I haven't had nearly enough quality time yet with my new CBM-170 SEs but so far I LOVE them. Most of the time I have them paired with my Hsu VTF-2 Mk 2 in my tiny mixing studio and so far they're excellent for studio monitoring.
I did take 90 minutes or so a few days ago to directly compare them to my B&W DM602 S2s (a well respected speaker, though the newer S3 version is considered a noticeable improvement) and it took no more than 30 seconds to realize the 170SE was clearly a superior speaker. Every time I listen to my 602s, I can't find anything WRONG with them... I like them a lot, I think they're very pleasant and clear, and they image really nicely. But I've never felt they had The Magic for me. As a sound engineer I can usually describe exactly what I do or don't like about a speaker in reasonably technical terms, but oddly I couldn't do that with the 602s. I just keep thinking well... They're really good! Highs aren't too dull or too bright, high and low extension seems fine, fairly detailed, pretty smooth and natural sounding, etc... So why don't they MOVE me? The 170SE tweeter was immediately, noticeably smoother, more detailed, and more natural sounding than the 602. The 170s imaged as well in my room as the 602s (which have very good imaging and soundstage) but the 170s almost completely disappeared, leaving nothing but the music. I realized when I listen to the 602s, I feel as though I'm hearing speakers -- good speakers no doubt, but still speakers. Occasionally on certain recordings they can fool me into hearing a voice rather than a speaker reproducing a voice, but not always.
But when I switched to the 170 SEs, I no longer found myself hearing or listening to speakers -- only music, voices, instruments. As a musician and engineer I have a pretty good idea what voices, violins and other stringed instruments, guitars, pianos, drums, etc. sound like both in-room and miced using a variety of mics and equipment. On the 602s I felt like I was hearing a good reproduction of the instruments and voices, whereas on the 170 SEs I felt as though much of the artificial nature of the speaker was removed, leaving only the "real" sound of the source material. In short they had The Magic -- they moved me.
After all the measurements, tech specs, etc., the real key to speaker greatness is -- I don't want to hear the speakers! A great speaker disappears and lets you hear only the performance, the music.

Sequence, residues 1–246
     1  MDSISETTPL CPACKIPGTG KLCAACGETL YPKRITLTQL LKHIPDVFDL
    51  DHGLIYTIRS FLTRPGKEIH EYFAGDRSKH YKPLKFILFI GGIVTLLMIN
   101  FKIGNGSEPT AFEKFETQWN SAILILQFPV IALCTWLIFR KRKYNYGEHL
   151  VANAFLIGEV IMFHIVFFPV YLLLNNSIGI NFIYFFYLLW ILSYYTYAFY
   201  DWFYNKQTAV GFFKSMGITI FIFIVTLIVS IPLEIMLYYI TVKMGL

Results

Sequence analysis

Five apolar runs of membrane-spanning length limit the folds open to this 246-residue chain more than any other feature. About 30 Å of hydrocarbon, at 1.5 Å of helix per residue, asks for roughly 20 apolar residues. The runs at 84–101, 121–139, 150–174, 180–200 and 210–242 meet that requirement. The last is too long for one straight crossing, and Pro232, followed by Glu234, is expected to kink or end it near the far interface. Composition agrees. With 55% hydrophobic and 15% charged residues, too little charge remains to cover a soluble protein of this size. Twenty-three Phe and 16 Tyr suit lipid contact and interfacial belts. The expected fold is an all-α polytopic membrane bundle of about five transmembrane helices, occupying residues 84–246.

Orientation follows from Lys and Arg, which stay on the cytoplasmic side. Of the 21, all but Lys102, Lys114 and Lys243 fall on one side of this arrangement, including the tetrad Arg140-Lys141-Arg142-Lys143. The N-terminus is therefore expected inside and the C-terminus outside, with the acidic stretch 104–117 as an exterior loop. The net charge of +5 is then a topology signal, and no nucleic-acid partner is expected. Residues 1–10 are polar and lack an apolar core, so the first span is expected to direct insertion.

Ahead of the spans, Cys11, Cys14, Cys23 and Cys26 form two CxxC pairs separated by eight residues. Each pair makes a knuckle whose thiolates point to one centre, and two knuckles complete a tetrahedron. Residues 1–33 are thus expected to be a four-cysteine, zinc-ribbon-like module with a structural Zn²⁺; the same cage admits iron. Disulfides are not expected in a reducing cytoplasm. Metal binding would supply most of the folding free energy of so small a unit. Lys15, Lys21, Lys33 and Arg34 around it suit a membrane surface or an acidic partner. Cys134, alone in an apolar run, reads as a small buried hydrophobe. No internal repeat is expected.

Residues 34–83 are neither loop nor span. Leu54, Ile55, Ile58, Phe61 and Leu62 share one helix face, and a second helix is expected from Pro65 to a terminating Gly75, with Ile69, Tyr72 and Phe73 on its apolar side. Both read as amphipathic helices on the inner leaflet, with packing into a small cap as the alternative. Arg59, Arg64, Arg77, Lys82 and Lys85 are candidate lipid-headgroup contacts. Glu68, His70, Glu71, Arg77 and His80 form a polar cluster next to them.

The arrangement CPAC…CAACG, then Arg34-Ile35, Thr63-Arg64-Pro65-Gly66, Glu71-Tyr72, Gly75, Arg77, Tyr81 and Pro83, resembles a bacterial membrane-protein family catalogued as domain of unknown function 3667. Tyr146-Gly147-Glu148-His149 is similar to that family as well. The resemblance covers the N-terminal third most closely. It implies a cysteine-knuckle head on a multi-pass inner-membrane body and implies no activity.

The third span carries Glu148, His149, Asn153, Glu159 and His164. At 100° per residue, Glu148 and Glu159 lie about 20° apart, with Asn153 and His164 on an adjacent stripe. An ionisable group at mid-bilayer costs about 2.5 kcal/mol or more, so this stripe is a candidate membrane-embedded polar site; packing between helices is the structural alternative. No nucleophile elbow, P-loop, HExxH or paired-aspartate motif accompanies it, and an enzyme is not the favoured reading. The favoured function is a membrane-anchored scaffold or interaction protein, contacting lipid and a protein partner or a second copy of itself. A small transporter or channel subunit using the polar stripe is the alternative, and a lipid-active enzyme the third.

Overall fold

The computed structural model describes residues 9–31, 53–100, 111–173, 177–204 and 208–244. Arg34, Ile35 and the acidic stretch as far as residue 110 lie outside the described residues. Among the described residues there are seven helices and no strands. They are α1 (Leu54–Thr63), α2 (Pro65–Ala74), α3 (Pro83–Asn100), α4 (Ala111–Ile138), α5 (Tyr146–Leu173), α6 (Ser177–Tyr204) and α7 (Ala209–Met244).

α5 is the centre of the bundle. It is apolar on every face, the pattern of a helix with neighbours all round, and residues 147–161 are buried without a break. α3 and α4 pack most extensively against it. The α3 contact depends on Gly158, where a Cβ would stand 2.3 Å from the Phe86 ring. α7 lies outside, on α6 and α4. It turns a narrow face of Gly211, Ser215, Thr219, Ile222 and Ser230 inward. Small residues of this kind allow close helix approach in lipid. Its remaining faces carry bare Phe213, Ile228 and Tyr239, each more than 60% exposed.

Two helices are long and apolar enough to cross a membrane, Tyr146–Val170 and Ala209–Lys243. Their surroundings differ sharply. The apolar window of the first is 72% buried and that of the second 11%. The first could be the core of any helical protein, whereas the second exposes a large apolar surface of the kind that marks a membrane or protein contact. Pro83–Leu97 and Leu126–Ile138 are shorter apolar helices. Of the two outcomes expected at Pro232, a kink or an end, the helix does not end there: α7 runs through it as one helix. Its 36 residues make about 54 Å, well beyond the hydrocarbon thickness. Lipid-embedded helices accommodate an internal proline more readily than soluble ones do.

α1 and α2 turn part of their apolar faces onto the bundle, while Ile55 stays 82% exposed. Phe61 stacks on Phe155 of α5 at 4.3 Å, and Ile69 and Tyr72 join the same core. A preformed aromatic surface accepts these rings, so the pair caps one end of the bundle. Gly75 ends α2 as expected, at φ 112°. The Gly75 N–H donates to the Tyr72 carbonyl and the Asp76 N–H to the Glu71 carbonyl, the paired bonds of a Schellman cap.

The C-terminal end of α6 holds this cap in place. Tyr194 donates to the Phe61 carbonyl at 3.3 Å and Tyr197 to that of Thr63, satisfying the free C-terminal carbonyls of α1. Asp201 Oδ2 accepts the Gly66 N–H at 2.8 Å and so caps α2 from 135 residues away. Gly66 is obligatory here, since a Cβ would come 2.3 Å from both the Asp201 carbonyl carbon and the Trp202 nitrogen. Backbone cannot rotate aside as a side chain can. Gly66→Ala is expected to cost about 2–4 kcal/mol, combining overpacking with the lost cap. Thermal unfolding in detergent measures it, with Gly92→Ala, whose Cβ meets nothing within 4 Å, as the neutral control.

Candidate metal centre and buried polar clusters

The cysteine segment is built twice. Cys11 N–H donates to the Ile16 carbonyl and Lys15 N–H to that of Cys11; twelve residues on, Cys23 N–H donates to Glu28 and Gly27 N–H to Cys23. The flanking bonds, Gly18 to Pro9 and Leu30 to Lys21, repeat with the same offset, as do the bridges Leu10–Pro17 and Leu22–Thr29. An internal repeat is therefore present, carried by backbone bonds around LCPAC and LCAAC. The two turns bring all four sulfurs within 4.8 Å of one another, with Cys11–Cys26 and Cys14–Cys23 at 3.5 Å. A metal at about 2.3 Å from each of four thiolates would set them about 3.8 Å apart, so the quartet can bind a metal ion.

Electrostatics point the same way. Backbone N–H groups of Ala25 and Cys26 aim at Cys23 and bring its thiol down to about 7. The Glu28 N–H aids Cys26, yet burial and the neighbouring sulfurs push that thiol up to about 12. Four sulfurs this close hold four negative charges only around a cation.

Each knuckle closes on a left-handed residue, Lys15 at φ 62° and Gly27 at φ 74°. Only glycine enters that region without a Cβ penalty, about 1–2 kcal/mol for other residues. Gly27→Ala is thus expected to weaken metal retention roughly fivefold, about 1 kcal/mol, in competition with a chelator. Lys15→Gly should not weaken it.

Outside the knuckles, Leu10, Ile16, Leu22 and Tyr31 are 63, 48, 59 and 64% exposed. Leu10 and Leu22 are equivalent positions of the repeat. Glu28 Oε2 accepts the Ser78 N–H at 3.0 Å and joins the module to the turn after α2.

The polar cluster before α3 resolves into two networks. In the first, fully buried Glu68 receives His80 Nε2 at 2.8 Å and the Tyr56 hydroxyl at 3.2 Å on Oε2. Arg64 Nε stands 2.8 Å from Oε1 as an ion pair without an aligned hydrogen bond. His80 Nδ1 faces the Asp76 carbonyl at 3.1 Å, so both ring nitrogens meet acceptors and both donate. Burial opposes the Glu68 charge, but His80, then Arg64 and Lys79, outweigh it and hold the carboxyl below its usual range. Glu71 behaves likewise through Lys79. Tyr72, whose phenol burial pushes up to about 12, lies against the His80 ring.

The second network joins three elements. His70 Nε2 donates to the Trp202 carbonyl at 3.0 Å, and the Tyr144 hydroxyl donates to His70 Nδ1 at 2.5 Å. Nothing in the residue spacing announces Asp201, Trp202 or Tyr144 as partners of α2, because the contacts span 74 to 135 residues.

I think the best way to describe the difference as I heard it would be to use the analogy of low res digital music vs. higher resolution. I used to record on 16 bit 44.1 kHz ADAT multitrack machines. They were the bomb in their day -- cheap, easy to use, tapes were cheap, etc. When I first got them I was stunned by the clarity and low noise floor compared to the crappy analog multitrack machine I was using previously. (This is not to denigrate analog multitrack machines -- good ones sound AMAZING. Ours did not.) But over time as I recorded whole projects on them I started realizing my recordings were somewhat lifeless and hollow, with a very slight, vague fuzziness that I couldn't quite put a finger on, but it was definitely there. I would fight with my equipment to bring LIFE and presence, energy, Magic, out of my mixes, and it was quite frustrating. It was like I was always 95% there but couldn't quite put the Magic into my mixes.
I now know that a lot of that was due to the ADAT's primitive, fairly low quality ADCs and DACs along with the low bit rate and sampling frequency. Yeah, it was digital and fairly accurate... but it could never quite capture the life and realism of the performance. It was a subtle effect and hard to pin down. Now I record at 24 bit 48 kHz using newer, far superior converters, and whatever I send to the machine is captured. Another good analogy would be moving from low res digital photography to high res using a much better camera with better lenses, etc. Your pictures just come out far more natural and lifelike.